Heads or Tails

Si

Simon

China

“We’ve got a headwind, so you must have a  tail wind”

This is a comment we regularly get from cyclists who are coming in the other direction, and in many cases, we hear it when we reckon we’ve been slogging into a headwind too. In most places, wind changes direction throughout the day, and due to topography, not to mention the road changing direction. Wind rarely helps the cyclist, unless it’s coming directly from the rear, or within 45degrees or so. If it comes from either the front or the sides, it slows you down. The only time I’m glad of a headwind is when it’s really hot, and so a cooling gust becomes a welcome break.

Another misunderstood fact about cycling is that cycling in hills is quite a bit slower than cycling on the flat. Many people reckon that you make up the time on the downhills but typically this is not the case. I was thinking about this the other day, getting back to my secondary school maths, which I’m ashamed to say, I quite enjoyed. So lets take a simple problem to show this:

Say we take a 20km stretch of road and we compare the time taken if it’s flat and if it’s hilly. I’m going to round the figures here to make it simple.

First, lets say that on the flat you do 20km/hr, then the section of road will take 1 hour to cycle.

Now lets put in a hill with a 10km uphill and 10km downhill. Then lets say you do 10km/hr on the uphill and 40km/hr on the downhill. That means it will take 1hour for the uphill and 1/4 hour for the downhill, making the total 1 1/4 hours in total.  This is made even worse on on really steep hills, or on bumpy, unpaved roads as it’s more difficult to make up the time on the downhills.

Now that we’re on the subject of numbers, I may as well give you some of our stats that some readers have asked us to include:

Farthest cycled in a day: 212.km (Northern Desert, Peru)

Shortest cycled in a day: 60km (Near the Salar de Uyuni, Bolivia)

Average cycled in a day: 110km (The Andes really slowed us down!)

Highest speed: 73.4km/hr (Peru)

Slowest speed: 4.7km/hr (Climbing in Bolivia)

Average speed: 21km/hr (Again, the Andes really slowed us down!)

Highest altitude on bike: 4500m (Bolivia)

Total distance since Ireland: 12900km

P.S. If anyone has any other questions or subjects you’d like us to include, pease ask in the comments box below, thanks!

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11 thoughts on “Heads or Tails

  1. Thanks for the stats…so that must mean you’re approaching half way round. Time for another bottle of Bubble Brothers sparkly I think!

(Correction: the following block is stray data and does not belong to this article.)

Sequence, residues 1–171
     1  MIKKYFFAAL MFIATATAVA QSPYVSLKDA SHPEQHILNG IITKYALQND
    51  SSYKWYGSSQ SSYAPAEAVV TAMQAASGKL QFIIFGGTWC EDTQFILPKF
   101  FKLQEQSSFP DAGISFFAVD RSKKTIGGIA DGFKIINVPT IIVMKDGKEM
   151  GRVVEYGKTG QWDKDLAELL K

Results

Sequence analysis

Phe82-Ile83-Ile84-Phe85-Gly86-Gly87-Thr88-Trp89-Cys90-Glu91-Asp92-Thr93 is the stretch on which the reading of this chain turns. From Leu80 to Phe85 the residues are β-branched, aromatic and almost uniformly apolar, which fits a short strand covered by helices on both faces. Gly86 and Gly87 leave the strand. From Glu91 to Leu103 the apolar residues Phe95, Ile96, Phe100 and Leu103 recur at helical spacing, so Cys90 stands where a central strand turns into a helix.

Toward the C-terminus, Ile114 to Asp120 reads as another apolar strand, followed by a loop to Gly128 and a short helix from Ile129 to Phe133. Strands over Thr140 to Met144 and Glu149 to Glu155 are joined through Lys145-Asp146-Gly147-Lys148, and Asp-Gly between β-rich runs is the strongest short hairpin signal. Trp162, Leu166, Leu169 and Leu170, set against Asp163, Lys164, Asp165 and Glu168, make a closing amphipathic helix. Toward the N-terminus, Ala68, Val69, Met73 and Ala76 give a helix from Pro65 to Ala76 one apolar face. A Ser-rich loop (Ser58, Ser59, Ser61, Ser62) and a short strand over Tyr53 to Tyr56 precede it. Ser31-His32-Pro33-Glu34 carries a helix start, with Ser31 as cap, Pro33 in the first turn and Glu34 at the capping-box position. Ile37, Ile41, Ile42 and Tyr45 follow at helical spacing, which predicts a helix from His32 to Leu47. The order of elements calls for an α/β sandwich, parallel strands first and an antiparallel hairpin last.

Keep spinning!

  2. here’s one for you:

    what have you thrown away as being useless and what have you picked up along the way as being useful beyond belief (a plastic bottle, and old toothbrush for the chain?)

    Richard

  3. ‘Highest speed: 73.4km/hr’ with the trailer? thats damn fast. I dont think id hit that on a racer on a hill I knew even.

    I cant think of any PC questions

    keep on keeping on

  4. I’ve no idea what 74kmph on a bike with trailer feels like that particular record was set by Evil Si Kneivel.

    Fastest I’ve managed or intend on ever managing was 63kmph.And that was sketchy.

    Above thirthy the bob is likely to jackknife if you brake too fast,so at 74km its going to take about 100m at least to come to a stop.

  5. I love the fact that there are only ever headwinds. You don’t notice tailwinds, you just think you are cycling like a bit of a legend that day!

  6. HELLO FEARGHAL,SIMON,MARINA,PLEASE TOTRANSLATE IN SPANISH,ENVOY FOR PERSON OF CHACO ARGENTINA,CHICOS HOLA ESPERO QUE ESTEEN BIEN LES QUERIA CONTAR QUE TENGO UNA PHOTOGRAPHY OF FERGHAL AND SIMON IN LA VERDE CHACO ARGENTINA Y SE LAS QUIERO ENVIAR PERO NO SE COMO, ESPERO SU PRONTA RESPUESTA, ENVOY FOR ADRIANA OF ARGENTINA.THANK YOU BY BY ENVOY FOR ADRY.ROUSE@HOTMAIL.COM

  7. Keeping track of your progress with great interest here back in st kevin’s greystones! Kids here wondering where what route you have decided on for the return home. glad to see you are avoiding pakistan! they reckon you should definitely check out baghdad.

  8. I’m not sure exactly what route Fearghal is planning on doing through Central Asia. I am currently in Almaty (Kazakhstan) and head today towards Bishkek (Kyrgyzstan). I will then cycle over the mountains to Tashkent (Uzbekistan) followed by Turkmenistan then Iran to Turkey.

    We’re still pondering what route to take back to Ireland from Turkey, whether to go via North Africa, or to come straight in to Ireland via Romania, Hungary etc. We’ll keep you posted.

    Simon

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